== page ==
Spirit of the Farm
As spring begins to slowly awaken the land here in New Hampshire, I'm pulled once again by some unseen force to begin sowing, planning, preparing for the seasons ahead. I've always been this way, perhaps a nod to my family's agricultural roots, but now I feel it more intensely as I look out over the land we own. Almost four years into this farming adventure, I've struggled with doubt, both physical and mental exhaustion, and frustration. At the end of each growing season, I entertain thoughts of packing it in, giving up on the farming dream. Somehow, when the sun shifts and daylight begins to lengthen, my heart and mind are inexplicably pulled toward the need to continue the cultivation of this land. Is it the months of rest and recovery by the warm woodstove? Or is it something deeper that keeps me coming back for more?
I spent several months looking at farm properties when we first moved to New Hampshire. My job was to visit farm listings and curate a select few to revisit with my husband. Most were eliminated by the time I exited my vehicle because they just didn't feel right. Our realtor tipped us off to this farm and pushed us to see it right away that weekend since it was to be listed the following Monday. When Scott and I first pulled up and got out of the car, I remember looking at him and nodding my head. Despite the overgrown...everything...and the decaying house, something about this place felt right. Not knowing anything about the history of the property didn't deter us from making an offer right away. In the first few months of ownership, while still living in an apartment as much needed interior renovations were underway, I would drive out to the farm each morning to tackle a long list of tasks. I usually began my mornings by sitting in the shade of an old maple and soaking in the feeling of the place. The renovation list grew longer and much, much more expensive than anticipated but through it all, we kept up what would become our coping mantra, "But the land is beautiful!"
This mantra started out as a joke, a way to get past the financial reality of owning a 200+ year old house, but four years in, it has evolved into the very reason I want to stay. Having spent almost every day working somewhere on this property, I have come to know it well. I take daily walks, now with my dog Suzie, around the perimeter to see, listen, and observe. I like to say we're going for a "peramble", a play on the word perambulate which means "to walk or travel through or around a place or area, especially for pleasure and in a leisurely way." Through these walks, I've found the spring that feeds the vernal pond on the edge of the woods, the almost chapel-like shade of the old sugar bush on the hill, the low bush blueberries growing in acidic poor soil in the eastern edge of the pasture. I've observed hawks hunting, owls silently moving through the tree canopy, bluebirds and barn swallows patrolling for insects. I've seen the change of the seasons, monitored the death of an old ash tree, watched a monarch caterpillar munch on milkweed. I stood at the top of our property just after loggers had cut down 3 acres of woods to open up old pastures, choking back tears and feeling the loss of the trees and the wounds to the land, knowing that this step was needed to breathe back the agricultural life into this farm. Now I walk to the top of the hill and see the view of the surrounding mountains and the future green pastures to be, the wounds healed. But the land is beautiful. It is through these walks and the sitting sessions under the maple tree that I grew to know, and love, the spirit of this farm.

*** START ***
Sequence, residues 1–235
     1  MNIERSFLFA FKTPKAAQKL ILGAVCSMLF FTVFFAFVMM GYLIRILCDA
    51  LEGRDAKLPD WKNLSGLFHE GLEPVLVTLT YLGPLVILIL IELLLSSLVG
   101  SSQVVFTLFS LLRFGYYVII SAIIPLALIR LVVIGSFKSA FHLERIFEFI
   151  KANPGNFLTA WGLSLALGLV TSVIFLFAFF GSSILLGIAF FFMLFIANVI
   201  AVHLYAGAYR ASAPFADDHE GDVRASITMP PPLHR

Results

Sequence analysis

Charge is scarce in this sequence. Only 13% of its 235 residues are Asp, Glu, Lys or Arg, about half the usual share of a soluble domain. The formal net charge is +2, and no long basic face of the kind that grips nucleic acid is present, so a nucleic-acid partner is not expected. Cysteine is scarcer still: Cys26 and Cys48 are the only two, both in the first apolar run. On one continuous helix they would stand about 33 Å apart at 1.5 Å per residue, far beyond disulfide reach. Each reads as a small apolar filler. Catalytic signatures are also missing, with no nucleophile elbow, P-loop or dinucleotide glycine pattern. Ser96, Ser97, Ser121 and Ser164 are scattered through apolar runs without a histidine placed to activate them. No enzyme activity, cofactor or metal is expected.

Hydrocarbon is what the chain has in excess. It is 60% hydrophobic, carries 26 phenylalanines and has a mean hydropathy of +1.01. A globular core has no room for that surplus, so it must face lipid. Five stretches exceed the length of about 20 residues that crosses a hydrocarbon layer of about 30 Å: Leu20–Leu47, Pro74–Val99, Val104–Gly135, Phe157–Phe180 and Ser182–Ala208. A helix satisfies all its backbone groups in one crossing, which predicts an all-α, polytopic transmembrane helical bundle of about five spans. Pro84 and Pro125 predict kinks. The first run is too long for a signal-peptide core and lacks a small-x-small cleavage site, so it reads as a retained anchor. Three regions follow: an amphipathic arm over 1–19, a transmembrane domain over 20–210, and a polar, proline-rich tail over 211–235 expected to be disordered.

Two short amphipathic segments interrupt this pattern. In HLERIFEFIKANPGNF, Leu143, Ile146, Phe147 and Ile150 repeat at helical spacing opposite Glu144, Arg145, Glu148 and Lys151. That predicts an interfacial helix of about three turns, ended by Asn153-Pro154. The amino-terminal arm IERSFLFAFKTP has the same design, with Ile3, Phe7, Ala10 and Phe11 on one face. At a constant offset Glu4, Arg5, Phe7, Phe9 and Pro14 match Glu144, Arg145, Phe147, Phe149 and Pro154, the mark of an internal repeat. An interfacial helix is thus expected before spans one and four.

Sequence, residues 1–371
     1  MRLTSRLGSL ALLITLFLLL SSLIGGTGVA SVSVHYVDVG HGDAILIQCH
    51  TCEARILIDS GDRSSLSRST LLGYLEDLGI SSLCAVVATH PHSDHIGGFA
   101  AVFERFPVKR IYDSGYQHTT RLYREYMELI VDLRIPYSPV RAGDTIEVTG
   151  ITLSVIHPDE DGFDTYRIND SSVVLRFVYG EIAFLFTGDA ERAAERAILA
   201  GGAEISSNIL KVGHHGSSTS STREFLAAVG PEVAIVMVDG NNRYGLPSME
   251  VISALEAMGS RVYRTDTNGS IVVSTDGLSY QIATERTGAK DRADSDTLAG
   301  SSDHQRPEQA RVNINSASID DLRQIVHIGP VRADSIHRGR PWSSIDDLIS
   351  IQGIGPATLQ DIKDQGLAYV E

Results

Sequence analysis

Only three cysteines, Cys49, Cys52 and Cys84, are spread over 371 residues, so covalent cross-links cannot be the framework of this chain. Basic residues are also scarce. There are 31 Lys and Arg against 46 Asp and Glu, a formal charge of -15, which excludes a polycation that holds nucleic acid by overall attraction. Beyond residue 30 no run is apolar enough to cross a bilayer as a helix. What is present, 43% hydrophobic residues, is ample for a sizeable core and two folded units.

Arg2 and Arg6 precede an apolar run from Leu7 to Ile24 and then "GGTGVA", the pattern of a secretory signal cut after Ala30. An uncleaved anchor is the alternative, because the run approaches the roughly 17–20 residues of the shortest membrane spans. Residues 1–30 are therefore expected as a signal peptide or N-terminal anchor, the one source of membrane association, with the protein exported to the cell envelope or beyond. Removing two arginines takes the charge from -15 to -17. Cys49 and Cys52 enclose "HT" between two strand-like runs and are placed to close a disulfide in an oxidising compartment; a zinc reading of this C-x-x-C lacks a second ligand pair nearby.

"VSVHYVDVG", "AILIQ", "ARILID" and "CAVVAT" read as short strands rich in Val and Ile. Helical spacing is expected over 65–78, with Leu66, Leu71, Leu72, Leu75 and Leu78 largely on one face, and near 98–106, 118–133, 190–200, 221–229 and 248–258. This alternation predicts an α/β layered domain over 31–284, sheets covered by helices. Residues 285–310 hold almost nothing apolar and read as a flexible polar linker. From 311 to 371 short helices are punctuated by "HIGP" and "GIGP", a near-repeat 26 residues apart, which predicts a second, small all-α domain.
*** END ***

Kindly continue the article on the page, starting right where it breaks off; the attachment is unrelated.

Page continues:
This spirit keeps me going each year as I am now driven to take care of this place. I feel keenly that this property is to be cultivated, cared for, kept alive in order to preserve its spirit. All of the projects undertaken to improve the soil, grow vegetables, keep livestock in the pastures, increase wildlife habitat are done with the goal of tending to the spirit of the farm. Yes, I want to have a viable farm business that will provide us with an income. But the incessant pressure on farms to become bigger just won't fit here. A farm doesn't have to get bigger to be better. It can just become better as an end goal. Perhaps tending to the spirit of the farm and sharing that with others can be enough. When was it that farming became removed from the idea of tending to the land? Perhaps a shift to farming as a way to tend to the spirit of the land we love can shift something deeper in us. A tending of our own spirit.
In the thick of my "recovery" period last fall, I came upon this article by Jonathan McRay in Eco-Farming Daily that struck a chord. Still reeling from the craziness of the growing season and wanting to not think about farming for a while, I tucked the link away where I could find it when I was ready.
And Happy Spring!